Africa after Modernism traces shifts in perspectives on African culture, arts, and philosophy from the conflict with European modernist interventions in the climate of colonialist aggression to present identitarian positions in the climate of globalism, multiculturalism, and mass media. By focusing on what may be called deconstructive moments in twentieth-century Africanist thought – on intellectual landmarks, revolutionary ideas, crises of consciousness, literary and philosophical debates – this study looks at African modernity and modernism from critical postcolonial perspectives. An effort to sketch contemporary frameworks of global intersubjective relations reflecting African cultures and concerns must resist taking modernism as a term of African periodization, or master-narrative, but as a constellation of discursive and subjective forms that obtains upon the present moment in African literature, philosophy, and cultural history. Africa after Modernism argues for a philosophical consciousness and pan-African multiculturalist ethos that operate, after the deconstruction of Eurocentrism, beyond self/other paradigms of exoticism or West/Africa political ideologies, in dialogue with postcolonial approaches to cultural reciprocity.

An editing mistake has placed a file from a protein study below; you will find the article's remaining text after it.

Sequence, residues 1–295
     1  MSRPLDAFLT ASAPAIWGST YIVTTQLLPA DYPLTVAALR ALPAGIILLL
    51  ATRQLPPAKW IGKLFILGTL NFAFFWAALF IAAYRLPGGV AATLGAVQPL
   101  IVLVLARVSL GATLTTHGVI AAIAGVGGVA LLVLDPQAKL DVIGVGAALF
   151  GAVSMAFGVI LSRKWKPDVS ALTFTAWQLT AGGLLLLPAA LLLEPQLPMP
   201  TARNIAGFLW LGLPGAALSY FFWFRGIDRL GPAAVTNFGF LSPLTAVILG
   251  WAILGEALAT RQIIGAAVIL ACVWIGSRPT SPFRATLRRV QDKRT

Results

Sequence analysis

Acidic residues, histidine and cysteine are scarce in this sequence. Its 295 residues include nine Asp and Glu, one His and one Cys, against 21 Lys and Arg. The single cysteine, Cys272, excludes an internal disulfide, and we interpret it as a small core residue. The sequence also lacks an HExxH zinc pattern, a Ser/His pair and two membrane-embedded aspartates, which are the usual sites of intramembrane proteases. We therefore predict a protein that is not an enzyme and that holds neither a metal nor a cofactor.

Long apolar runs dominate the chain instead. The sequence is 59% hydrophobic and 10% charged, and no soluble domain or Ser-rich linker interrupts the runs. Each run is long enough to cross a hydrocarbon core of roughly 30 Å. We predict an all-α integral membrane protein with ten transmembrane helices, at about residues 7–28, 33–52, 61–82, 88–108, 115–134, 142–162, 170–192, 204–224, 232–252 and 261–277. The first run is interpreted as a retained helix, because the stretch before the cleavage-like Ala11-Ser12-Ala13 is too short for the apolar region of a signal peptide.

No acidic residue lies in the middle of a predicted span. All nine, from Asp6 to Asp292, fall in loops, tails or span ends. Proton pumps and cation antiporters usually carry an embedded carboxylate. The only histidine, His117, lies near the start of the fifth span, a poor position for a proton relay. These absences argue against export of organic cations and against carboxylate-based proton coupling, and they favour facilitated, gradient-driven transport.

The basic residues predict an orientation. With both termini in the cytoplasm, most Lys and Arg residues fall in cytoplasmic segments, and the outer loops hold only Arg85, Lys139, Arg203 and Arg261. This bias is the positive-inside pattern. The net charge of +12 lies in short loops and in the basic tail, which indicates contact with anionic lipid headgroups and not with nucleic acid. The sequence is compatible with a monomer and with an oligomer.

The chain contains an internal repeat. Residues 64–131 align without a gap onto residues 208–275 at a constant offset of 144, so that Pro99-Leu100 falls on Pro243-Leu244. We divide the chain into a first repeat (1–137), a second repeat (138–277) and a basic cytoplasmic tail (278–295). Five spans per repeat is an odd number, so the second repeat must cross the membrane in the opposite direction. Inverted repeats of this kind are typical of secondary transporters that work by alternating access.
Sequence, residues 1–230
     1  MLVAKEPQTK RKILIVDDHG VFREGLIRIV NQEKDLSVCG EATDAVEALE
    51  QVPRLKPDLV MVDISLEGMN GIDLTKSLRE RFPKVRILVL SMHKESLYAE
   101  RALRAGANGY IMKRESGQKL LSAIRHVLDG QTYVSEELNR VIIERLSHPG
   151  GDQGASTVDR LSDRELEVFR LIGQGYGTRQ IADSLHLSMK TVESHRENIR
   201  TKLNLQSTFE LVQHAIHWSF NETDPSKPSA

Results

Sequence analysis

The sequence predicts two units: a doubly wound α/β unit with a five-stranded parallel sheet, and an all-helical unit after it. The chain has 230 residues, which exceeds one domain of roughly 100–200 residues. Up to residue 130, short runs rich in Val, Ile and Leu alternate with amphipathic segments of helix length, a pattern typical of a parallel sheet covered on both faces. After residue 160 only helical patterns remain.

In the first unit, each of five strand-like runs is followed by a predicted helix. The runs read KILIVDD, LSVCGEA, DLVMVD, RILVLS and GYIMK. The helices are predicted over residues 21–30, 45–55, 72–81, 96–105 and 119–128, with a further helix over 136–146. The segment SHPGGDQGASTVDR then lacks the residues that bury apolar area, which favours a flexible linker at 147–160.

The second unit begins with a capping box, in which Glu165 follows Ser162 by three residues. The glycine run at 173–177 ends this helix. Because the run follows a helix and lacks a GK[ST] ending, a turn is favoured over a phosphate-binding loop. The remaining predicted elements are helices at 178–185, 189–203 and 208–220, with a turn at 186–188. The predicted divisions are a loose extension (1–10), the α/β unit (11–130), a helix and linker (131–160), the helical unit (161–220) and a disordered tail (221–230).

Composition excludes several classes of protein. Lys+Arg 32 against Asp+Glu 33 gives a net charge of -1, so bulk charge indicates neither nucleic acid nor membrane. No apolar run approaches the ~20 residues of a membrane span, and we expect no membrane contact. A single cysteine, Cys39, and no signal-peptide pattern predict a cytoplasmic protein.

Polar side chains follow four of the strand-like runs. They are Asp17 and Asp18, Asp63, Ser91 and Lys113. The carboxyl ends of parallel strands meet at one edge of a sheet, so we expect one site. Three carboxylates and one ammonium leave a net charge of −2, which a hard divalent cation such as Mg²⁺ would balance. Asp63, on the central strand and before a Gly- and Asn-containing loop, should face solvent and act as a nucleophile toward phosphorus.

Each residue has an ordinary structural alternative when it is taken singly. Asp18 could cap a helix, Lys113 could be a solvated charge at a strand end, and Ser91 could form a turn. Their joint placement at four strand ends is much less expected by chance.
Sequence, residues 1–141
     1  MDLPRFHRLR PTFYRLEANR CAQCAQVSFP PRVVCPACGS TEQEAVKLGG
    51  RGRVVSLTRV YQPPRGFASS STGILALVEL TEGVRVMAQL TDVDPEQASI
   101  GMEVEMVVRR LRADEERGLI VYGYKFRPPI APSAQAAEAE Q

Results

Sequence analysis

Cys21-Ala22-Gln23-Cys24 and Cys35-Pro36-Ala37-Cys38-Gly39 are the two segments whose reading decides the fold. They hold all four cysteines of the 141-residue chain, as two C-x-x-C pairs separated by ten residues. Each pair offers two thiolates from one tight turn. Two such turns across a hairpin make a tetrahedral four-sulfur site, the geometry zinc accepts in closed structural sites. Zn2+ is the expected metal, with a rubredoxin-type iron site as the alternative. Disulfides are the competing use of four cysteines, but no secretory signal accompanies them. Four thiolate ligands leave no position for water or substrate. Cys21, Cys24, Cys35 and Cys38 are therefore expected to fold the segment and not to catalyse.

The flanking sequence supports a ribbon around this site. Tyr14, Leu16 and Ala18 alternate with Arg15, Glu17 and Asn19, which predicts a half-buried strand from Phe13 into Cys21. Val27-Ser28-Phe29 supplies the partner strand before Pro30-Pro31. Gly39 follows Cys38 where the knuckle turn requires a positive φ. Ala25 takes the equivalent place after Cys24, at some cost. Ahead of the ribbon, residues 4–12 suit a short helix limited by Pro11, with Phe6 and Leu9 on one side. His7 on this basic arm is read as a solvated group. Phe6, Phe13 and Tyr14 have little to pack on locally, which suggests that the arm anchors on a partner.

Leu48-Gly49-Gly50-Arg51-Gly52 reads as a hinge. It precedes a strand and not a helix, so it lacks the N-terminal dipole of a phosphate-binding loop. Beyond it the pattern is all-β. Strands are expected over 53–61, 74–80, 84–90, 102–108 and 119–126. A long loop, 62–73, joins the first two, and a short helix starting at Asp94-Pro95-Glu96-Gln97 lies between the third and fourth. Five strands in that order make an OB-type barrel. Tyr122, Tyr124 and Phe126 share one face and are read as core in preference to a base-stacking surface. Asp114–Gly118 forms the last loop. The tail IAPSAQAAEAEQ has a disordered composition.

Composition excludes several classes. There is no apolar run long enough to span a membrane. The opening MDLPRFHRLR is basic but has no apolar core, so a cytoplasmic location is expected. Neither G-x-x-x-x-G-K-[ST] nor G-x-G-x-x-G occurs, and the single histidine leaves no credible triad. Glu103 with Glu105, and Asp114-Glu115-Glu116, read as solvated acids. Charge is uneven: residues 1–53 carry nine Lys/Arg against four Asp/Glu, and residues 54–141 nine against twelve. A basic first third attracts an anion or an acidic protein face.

Table of Contents
1. Africana Modernist Contexts: Exoticism, Pan-Africanism, Postcolonialism 2. Leiris in Africa: The Psychoanalysis of Exoticism 3. Signatures of Africa in Carpentier’s America 4. African Avant-Garde: Ouologuem’s Anti-Colonialist Anthropology 5. Postmodern Primitivism: Images of Africa in the Western Media 6. Africana Philosophy: Identity and Alienation. Afterword: The 'Second Sight' of Masks. Bibliography. Index
Michael Janis is Associate Professor of English at Morehouse College, where he teaches literary theory, West African fiction and film, and world literature.